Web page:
Author ORCID Identifier

0000-0001-9038-8587

Defense Date

2016

Document Type

Dissertation

Degree Name

Doctor of Philosophy

Department

Public Policy & Administration

First Advisor

Dr. William V. Pelfrey, Jr.

Second Advisor

Dr. Cynthia Lum

Third Advisor

Dr. Amy Cook

Fourth Advisor

Dr. Trisha Rhodes

Abstract

American policing is shaped by an array of challenges. Police are expected to address crime and engage the community, yet police are held to higher expectations of accountability, effectiveness, and efficiency than ever before. Police legitimacy is the ability of the police to exercise their authority in the course of maintaining order, resolving conflicts, and solving problems (PERF, 2014). The procedural justice and police legitimacy literature suggest that by exhibiting procedurally just behaviors within police-citizen encounters, officers are considered legitimate by the public (PERF, 2014; Tyler, 2004, Tyler & Jackson, 2012).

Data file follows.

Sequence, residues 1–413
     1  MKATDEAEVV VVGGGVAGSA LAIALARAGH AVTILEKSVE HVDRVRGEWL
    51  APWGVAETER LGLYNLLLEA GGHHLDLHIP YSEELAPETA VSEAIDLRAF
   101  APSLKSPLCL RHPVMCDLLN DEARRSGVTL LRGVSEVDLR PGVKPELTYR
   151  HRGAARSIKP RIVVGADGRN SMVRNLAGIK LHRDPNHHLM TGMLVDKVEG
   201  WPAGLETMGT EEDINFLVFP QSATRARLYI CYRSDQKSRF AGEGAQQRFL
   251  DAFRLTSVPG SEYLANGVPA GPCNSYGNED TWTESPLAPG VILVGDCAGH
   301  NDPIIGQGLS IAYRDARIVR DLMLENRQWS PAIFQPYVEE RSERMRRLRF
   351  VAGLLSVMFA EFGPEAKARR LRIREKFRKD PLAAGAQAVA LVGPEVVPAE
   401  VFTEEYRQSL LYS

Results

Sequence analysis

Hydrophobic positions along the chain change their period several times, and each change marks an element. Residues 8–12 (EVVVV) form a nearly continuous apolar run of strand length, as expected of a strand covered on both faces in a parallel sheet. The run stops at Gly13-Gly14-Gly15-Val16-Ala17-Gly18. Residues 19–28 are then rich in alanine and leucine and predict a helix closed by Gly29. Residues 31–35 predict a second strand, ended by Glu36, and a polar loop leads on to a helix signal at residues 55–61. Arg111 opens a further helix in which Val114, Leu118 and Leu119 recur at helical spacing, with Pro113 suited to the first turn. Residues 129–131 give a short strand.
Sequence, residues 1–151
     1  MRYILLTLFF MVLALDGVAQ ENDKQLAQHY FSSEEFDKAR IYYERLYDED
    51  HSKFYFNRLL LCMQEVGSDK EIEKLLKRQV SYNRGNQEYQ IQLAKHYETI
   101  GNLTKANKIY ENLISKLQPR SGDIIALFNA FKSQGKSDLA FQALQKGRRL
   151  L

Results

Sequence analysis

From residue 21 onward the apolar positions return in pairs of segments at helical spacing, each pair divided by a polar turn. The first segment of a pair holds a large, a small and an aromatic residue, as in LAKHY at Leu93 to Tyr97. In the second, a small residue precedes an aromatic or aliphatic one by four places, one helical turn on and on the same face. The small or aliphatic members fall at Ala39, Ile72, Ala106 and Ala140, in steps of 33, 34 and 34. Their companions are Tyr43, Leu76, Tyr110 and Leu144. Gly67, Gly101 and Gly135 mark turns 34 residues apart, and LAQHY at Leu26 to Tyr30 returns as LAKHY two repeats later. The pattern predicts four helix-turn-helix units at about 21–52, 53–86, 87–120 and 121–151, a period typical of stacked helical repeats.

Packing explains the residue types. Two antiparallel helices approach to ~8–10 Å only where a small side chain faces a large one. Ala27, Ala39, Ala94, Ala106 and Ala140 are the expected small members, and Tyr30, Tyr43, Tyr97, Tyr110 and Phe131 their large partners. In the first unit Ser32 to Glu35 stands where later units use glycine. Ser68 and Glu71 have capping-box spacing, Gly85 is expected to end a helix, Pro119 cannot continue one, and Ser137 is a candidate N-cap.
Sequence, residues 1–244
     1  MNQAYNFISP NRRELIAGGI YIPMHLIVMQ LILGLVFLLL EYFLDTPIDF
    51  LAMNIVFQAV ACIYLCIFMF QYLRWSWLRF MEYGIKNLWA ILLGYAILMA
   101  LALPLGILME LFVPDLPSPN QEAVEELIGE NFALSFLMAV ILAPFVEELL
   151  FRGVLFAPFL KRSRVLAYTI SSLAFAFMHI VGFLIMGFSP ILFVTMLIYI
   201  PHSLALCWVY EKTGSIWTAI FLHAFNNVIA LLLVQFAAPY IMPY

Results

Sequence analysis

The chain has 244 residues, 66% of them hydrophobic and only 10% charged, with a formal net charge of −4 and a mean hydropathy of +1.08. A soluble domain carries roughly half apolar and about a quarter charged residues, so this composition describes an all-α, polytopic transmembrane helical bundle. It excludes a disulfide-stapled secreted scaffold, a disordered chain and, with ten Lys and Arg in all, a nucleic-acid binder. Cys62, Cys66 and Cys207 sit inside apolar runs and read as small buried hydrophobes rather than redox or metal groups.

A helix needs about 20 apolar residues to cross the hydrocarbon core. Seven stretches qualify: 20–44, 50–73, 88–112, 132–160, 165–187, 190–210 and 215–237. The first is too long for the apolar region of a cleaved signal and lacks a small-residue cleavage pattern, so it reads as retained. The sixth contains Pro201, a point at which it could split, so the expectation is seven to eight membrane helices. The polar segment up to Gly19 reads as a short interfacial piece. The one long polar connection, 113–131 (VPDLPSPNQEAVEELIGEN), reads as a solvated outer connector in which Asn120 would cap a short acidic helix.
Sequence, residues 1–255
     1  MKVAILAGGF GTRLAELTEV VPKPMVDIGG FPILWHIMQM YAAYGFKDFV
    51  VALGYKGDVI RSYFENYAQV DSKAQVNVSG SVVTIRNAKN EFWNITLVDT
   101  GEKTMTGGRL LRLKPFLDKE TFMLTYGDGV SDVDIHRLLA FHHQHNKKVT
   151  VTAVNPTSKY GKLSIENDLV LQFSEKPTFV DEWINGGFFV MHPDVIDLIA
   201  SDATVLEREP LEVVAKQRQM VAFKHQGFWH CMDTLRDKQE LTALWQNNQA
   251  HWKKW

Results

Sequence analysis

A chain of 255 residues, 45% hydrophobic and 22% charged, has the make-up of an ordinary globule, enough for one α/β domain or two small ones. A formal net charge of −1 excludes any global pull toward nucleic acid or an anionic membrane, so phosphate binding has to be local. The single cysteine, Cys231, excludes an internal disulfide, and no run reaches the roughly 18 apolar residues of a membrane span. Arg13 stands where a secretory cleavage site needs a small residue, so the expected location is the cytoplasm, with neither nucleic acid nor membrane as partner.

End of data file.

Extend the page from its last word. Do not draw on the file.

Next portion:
This study examines procedural justice through systematic observations of police-citizen encounters recorded by body worn cameras in one mid-Atlantic police agency. The four elements of procedural justice (participation, neutrality, dignity and respect, and trustworthiness) are assessed to examine police behavior and its outcomes. The research questions concern how police acting in procedurally just ways may influence citizen behaviors.

Descriptive statistics indicate high levels of procedural justice. Regression analyses suggest that procedural justice may predict positive citizen behaviors within police-citizen encounters. This study highlights the significance of procedural justice as an antecedent to police legitimacy and offers a new mode of observation: body worn camera footage.

Rights

© Shana Mell 2016

Is Part Of

VCU University Archives

Is Part Of

VCU Theses and Dissertations

Date of Submission

12-13-2016

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